Oct. 18, 2021
“This word is ubiquitous, and it is, the vast majority of the time, used incorrectly — or not in its historic meaning,” said Levi Plesset of Milstein Jackson Fairchild & Wade LLP.
Los Angeles litigator Levi M. Plesset doesn't have any trouble acknowledging he's a bit of a word stickler.
"I had a journalism professor at the University of Vermont 20 years ago who was a real word nerd, and he got me thinking about this stuff," Plesset explained with a laugh. "I remember during one of his classes he told us "dilapidated" had "lapis" in it, which is Latin for "stones," so "dilapidated" can't refer to dilapidated or rundown wood. It has to be a rundown stone."
It was that brand of zealous language precision that inspired Plesset to begin work on a children's book about five years ago in an effort to rescue the word "literally."
"This word is ubiquitous, and it is, the vast majority of the time, used incorrectly -- or not in its historic meaning," Plesset explained. "It's an important word. It's the only word that distinguishes the literal speech from the figurative speech in our language."
How many times in a week do we all hear someone who's taken a bite of something hot or spicy exclaim, "My mouth is literally on fire!" or someone who's recounting a frustrating situation say, "I was literally about to explode."
"If literally is now an emphasis for metaphor, then there's no way to distinguish figurative speech and literalist speech," said Plesset, who is an associate at Milstein Jackson Fairchild & Wade LLP.
Intended for kids ages 6 to 10, "Literally the Coolest Book" published by Pigsah Press debuted in August. Plesset said he wrote the book, which is a charmingly illustrated romp through the meanings of common idioms available now on Amazon and Barnes & Noble, for children and their parents.
"It's also a lesson for adults," Plesset said with a laugh. "While kids use this word all the time, they get it from adults who are misusing it. I wanted to show the literal and figurative meanings of idiomatic expressions and juxtapose those with visuals, and that really lends itself to a children's book format. But it is a teaching tool. It's really for parents to engage their kids and also something teachers can use for language lessons in their classrooms."
An English major at the University of Vermont, Plesset said he didn't really do a great deal of writing as a kid, but he always loved reading. After finishing his undergraduate degree, Plesset went into politics, fundraising for the Democratic National Committee during John Kerry's presidential campaign and working for former California State Assemblyman Fabian Núñez.
But Plesset said he didn't really begin to hone his writing skills until after graduating from Loyola Law School in 2012 and joining then Kabateck Brown Kellner LLP, where he'd often spend 15 hours a day writing.
"I'd be there on a Friday night at midnight, writing opposition submissions for summary judgments or demurs or prepping for deposition," he recalled. "Just the frequency of writing got me confident, and I was able to simplify complex information and reduce it to an argument super quickly."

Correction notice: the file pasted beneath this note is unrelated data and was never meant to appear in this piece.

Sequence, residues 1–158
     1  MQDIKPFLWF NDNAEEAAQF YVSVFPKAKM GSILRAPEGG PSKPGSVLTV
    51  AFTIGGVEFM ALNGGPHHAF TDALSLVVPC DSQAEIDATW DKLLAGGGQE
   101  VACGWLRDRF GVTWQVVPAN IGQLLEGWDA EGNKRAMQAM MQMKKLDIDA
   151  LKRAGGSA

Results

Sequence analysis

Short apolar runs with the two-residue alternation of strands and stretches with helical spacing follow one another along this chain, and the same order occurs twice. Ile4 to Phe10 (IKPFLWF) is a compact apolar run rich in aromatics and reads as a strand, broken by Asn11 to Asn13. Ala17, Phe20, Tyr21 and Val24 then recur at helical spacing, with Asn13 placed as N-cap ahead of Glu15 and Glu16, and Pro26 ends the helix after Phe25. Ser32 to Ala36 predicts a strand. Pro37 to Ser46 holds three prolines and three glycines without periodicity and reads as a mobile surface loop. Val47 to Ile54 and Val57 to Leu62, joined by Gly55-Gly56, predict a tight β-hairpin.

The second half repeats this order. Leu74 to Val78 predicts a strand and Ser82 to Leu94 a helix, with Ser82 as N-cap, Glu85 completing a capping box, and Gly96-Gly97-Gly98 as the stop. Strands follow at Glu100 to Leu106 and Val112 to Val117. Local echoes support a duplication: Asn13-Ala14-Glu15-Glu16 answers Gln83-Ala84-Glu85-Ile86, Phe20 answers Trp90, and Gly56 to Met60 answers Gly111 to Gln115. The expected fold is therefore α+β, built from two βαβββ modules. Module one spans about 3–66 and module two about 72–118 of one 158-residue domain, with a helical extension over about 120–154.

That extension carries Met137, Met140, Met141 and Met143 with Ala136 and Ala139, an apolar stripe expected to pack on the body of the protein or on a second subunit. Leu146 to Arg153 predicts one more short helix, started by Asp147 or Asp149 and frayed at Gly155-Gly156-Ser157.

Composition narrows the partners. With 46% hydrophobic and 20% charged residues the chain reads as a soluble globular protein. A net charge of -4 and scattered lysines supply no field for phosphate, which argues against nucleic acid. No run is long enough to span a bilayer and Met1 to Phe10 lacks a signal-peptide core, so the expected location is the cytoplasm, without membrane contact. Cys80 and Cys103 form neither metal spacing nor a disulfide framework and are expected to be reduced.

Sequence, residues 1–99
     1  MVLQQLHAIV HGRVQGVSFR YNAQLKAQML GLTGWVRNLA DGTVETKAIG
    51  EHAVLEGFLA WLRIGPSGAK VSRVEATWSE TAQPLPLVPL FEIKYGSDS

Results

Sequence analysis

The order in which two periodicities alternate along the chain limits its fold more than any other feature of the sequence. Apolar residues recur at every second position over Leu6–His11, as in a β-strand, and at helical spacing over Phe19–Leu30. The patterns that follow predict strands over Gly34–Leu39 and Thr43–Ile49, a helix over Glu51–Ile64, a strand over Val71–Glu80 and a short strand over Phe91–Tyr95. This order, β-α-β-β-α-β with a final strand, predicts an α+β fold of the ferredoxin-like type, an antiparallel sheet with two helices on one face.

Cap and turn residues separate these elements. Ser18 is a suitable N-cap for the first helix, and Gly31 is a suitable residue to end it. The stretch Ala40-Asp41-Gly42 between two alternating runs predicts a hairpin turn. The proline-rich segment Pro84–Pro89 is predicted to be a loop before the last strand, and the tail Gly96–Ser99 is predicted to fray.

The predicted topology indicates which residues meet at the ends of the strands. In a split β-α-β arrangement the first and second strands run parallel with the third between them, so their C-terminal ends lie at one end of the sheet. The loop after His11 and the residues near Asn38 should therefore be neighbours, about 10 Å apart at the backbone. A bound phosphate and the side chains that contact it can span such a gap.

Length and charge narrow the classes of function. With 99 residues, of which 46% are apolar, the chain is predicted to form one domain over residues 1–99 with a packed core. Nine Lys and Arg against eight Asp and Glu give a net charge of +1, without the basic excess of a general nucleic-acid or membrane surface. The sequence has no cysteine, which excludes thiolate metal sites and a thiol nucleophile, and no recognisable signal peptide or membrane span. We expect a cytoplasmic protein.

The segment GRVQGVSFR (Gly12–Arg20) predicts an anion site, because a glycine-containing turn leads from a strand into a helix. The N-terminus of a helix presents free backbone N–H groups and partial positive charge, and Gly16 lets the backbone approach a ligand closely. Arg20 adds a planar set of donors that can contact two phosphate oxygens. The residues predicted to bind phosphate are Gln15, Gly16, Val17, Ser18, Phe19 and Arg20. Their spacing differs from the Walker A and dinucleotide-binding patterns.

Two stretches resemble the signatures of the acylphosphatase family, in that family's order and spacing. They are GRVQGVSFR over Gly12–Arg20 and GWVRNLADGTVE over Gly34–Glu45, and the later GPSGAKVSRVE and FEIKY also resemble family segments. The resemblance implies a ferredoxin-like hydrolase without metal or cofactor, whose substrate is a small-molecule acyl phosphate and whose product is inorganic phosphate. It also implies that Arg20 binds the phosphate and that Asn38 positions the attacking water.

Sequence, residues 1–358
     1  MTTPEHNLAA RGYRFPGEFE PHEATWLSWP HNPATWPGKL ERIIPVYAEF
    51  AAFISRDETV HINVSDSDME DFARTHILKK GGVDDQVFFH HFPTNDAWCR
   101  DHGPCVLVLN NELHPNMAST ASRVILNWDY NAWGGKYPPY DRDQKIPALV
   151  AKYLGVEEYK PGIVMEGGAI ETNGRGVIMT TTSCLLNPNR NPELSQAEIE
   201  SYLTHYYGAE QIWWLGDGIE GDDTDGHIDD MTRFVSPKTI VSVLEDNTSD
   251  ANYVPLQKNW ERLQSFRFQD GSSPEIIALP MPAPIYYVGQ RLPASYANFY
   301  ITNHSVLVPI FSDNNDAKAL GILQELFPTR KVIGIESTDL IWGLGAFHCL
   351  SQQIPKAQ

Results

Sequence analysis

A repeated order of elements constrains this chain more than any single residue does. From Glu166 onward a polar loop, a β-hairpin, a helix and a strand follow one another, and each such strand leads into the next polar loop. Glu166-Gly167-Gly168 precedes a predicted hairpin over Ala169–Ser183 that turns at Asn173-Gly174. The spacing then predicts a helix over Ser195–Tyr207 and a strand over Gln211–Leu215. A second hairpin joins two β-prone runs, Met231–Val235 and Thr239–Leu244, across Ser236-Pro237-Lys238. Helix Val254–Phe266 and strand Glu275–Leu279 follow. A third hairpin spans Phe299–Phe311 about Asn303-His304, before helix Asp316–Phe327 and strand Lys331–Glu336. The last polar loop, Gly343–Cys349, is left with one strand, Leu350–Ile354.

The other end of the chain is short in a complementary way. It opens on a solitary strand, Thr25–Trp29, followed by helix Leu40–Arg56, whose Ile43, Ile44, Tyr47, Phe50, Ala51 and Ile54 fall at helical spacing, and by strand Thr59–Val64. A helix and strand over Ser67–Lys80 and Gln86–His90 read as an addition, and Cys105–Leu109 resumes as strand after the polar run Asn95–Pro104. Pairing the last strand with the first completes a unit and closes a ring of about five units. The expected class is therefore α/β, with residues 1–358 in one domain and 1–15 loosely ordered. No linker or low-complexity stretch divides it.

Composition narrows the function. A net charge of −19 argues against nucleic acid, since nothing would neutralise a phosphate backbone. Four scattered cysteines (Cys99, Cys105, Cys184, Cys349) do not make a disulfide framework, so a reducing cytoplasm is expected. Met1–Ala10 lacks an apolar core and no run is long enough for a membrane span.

Milstein Jackson associate Joseph J. Su said he and other attorneys at the firm frequently turn to Plesset for feedback on their writing in motions or briefs.
"We call him the professor," Su said with a chuckle, "because he's the guy we go to not only for grammatical issues but also for how things flow."
Su said he was one of many at the firm who were surprised to learn Plesset had written a children's book, but he also said his two young boys were excited to read it.
"They're always throwing the word 'literally' around without even knowing what it's about and what the real meaning could be," Su said of his sons. "Levi's book may not have corrected necessarily how they use the word 'literally,' but they definitely have a better understanding of it."
Plesset, who often handles plaintiffs' pharmaceutical and construction defect class actions at Milstein Jackson, said many of his family members and friends outside the firm were also surprised to learn he'd written the book. But the chance to do some decidedly different and especially creative writing was terrifically fun, according to Plesset, who said the project also provided some valuable away-from-the-law balance in his life over the last few years.
"I think it's important for burnout reasons and for mental health reasons and for career reasons that lawyers look out of the box and do creative things," he said. "It's important to also have fun projects and not just litigate all day."
Although Plesset does say in the final pages of his "Literally the Coolest Book" that it is "a crusade to save the word 'literally,'" he insisted that language is supposed to change.
"I'm not waging a war on the evolution of language," he said. "It's natural; that's how this works. I just think this is a very unique moment and word where we lose something in the English dictionary if we don't recognize it."--Shane Nelson